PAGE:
From 2000 to 2015, more than 500,000 people died of drug overdoses, and opioids account for the majority of those. Recently released numbers from the Centers for Disease Control and Prevention found that around 64,000 people died from drug overdoses in 2016.  More than 140 Americans die every day from an opioid overdose, according to the Centers for Disease Control and Prevention.  Roughly 80 percent of the world’s opioids are consumed in the US.  A report published earlier this year found that 94 percent of heroin entering the United States came from Mexico.  A large portion of the country’s fentanyl – a prescribed painkiller thought by many to be driving the opioid epidemic – derives from China and arrives in the States through US mail.

 

 

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In Somalia’s capital city of Mogadishu, two massive truck bombs exploded in quick succession on Saturday night, killing over 300 people and wounding more than 300 others.  It was the deadliest attack in Somalia since the rise of the al-Shabab militant group a decade ago and has been called “the 9/11 of the Somali people.”  The scale of the loss makes the attack, which involved a truck packed with several hundred pounds of military-grade and homemade explosives, one of the most lethal terrorist acts anywhere in the world for many years.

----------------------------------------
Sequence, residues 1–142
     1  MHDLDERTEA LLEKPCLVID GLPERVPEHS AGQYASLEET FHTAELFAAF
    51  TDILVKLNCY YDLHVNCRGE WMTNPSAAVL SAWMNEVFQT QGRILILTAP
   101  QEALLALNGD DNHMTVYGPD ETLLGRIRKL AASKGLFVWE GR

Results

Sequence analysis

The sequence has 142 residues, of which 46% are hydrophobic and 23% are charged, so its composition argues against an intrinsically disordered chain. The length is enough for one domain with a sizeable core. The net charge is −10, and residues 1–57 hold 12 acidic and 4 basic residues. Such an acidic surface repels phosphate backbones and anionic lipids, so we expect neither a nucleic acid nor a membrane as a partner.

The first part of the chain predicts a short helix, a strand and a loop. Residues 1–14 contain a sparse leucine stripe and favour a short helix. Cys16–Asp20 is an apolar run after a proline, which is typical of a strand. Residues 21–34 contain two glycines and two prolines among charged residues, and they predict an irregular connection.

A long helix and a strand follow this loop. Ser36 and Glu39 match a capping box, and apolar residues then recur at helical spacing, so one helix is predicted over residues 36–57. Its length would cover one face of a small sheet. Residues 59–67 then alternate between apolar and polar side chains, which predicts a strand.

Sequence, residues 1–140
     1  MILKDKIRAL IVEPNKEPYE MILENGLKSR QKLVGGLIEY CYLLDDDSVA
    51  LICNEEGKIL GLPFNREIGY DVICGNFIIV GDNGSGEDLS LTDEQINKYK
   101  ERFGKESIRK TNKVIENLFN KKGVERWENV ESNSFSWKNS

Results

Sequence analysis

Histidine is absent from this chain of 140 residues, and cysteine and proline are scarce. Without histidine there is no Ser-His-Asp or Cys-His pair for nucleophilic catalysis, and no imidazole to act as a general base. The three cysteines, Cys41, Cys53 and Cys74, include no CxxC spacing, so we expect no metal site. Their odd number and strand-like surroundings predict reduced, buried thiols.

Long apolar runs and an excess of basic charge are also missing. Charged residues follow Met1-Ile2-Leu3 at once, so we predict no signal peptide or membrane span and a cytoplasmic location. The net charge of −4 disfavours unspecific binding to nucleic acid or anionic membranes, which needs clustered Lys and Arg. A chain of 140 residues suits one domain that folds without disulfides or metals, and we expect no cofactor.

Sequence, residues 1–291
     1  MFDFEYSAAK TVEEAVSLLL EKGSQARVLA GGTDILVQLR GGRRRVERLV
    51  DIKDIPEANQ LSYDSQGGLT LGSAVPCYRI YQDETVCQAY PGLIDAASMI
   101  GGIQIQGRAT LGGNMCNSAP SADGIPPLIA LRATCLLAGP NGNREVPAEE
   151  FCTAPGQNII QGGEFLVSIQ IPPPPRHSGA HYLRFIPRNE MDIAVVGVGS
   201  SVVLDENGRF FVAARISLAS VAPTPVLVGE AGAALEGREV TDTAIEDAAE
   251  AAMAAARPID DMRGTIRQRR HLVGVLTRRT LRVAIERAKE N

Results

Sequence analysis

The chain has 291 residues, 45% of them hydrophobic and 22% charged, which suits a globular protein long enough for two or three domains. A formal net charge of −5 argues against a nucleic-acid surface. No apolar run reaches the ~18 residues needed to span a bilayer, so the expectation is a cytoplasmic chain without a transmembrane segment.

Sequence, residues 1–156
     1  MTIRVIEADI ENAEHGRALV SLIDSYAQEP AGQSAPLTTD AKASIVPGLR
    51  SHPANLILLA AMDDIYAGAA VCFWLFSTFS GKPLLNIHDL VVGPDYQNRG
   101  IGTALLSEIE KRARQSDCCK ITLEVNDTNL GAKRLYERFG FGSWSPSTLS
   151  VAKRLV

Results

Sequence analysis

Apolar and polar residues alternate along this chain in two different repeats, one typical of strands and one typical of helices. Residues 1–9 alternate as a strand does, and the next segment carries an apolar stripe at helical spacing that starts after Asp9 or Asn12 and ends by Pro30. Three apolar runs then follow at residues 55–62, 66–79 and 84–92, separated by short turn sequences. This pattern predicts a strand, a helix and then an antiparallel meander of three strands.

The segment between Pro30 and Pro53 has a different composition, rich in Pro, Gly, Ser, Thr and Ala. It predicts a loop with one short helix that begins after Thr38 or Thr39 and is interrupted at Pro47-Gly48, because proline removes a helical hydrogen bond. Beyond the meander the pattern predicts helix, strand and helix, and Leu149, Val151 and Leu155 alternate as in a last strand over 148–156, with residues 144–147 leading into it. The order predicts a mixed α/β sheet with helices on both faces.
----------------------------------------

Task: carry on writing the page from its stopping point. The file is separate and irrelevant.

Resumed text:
In the worst of the two bombings, a truck packed with explosives detonated near the Safari Hotel, collapsing the building and igniting a nearby fuel tanker. The resulting fireball set cars on fire and flattened nearby businesses and homes, trapping people under rubble.  The death toll is expected to rise as more victims continue to be dug from the rubble spread over an area hundreds of meters wide in the center of the city.